How to injury-proof yourself for the Spartan Race
Photos: Spartan Race Singapore
Incorporating military-style obstacle scaling, muddy pits and maybe even swimming along its route, the Spartan Race entices adrenaline seekers to challenge themselves.
Since this is no ordinary race, the risks associated with the event are not typical of what you’d expect from a running event.
However, certain principles of injury-prevention and management as well as a good dose of common sense go a long way to ensure a safe and enjoyable time training and participating in the Spartan Race. Resident physician at the Changi Sports Medicine Centre, Dr. Lim Baoying, sheds some expertise on the matter.
Principle 1: No last minute preparation!
Rule number one is to be physically and mentally prepared for the challenge. Complacency of the preparatory process is the number one guarantee of injury to your body. This is why Spartan offers mass workout training programs specifically for race participants. The preparation needs to be multi-faceted in order for you to face up to the various challenges in the race. We highly recommend dedicating adequate time for this process.
Physical training involves working on your endurance, speed as well as upper and lower body strength. Simply running at a steady pace would not provide the training stimulus to your body to cope with the physical demands of the obstacle race. And the race course might not be a flat one, hence the need to prep for some hill or off-road running. It also calls for higher intensity running in the form of interval run sets.
Functional training is also required to prepare for the race. You need to learn how to carry or pull heavy items on the move, scale ropes and climb over walls. These are movements that were part of normal living in olden times, but our urbanized lifestyle is almost completely devoid of such activities, hence we have to train specifically for them.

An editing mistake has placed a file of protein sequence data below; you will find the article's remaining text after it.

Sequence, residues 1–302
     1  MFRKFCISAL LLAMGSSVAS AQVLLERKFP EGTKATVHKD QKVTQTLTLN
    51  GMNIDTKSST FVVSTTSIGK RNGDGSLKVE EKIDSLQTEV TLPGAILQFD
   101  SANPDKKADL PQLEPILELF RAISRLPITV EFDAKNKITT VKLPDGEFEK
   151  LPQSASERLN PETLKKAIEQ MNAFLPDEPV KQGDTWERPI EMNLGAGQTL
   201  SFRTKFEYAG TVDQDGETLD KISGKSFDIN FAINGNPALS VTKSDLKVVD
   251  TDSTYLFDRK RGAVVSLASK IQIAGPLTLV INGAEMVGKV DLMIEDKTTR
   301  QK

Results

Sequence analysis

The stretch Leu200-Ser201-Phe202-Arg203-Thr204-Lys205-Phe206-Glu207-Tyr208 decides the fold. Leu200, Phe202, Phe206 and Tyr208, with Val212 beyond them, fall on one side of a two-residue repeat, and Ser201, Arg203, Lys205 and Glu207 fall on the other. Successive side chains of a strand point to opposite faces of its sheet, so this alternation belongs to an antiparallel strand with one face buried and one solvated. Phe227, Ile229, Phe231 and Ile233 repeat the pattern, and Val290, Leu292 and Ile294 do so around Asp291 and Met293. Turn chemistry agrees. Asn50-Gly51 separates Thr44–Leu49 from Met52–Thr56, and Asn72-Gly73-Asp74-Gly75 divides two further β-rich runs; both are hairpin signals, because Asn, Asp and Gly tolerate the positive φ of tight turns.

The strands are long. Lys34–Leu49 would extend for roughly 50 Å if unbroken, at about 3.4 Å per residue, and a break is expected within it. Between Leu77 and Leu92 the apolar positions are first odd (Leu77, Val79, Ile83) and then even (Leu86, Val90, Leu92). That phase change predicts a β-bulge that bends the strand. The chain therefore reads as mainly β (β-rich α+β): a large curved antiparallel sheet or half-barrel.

Principle 2: Think safety
Have you checked if your body is physically up to the challenge of the event? This simple self-administered questionnaire could advise if you need medical clearance before signing up for the event. If you are long overdue for a physical check, please pay a visit to your doctor.
During race day, some common obstacles where people tend to get injured are the barbed wire and the robe climb. Remember to fully clear the barbed wire before standing, and don’t slide down the ropes to avoid rope burn. Gloves are also recommended for additional safety and better grip.
Remember that there is always the option of burpees if you cannot clear an obstacle along the way. Challenge your limits to complete the event or achieve a target timing, but not at the expense of suffering an injury while you are attempting a move that you are unable to overcome.
Principle 3: Give your body a break
Training is never going to be an easy feat for working adults or schooling youths. The effort of training, progressively increasing in terms of duration and intensity, could backfire and you could be sidestepped in the race because of an injury or poor physical state due to inadequate rest.
Schedule at least a day of complete physical rest from training each week. Catch up with friends or loved ones whom you may have been neglecting since you started training to be a Spartan. Share your woes and joys of your progress in preparation so far. The mental and physical break will do wonders for your mind and body, and allow it to perform at its optimal state. Get a massage or use a trigger ball or foam roller to ease the knots in your body on a regular basis.
Principle 4: Listen to your body
If a certain body part hurts persistently during or after your training or race, and it does not go away after rest/icing/painkillers/massage, or you feel unstable about a particular joint, with or without recollection of a traumatic event, please seek medical attention. Sometimes, early diagnosis and treatment could save you from further damage to your body and allow you to continue with your healthy lifestyle.
Article courtesy of Dr Lim Baoying, Changi Sports Medicine Centre.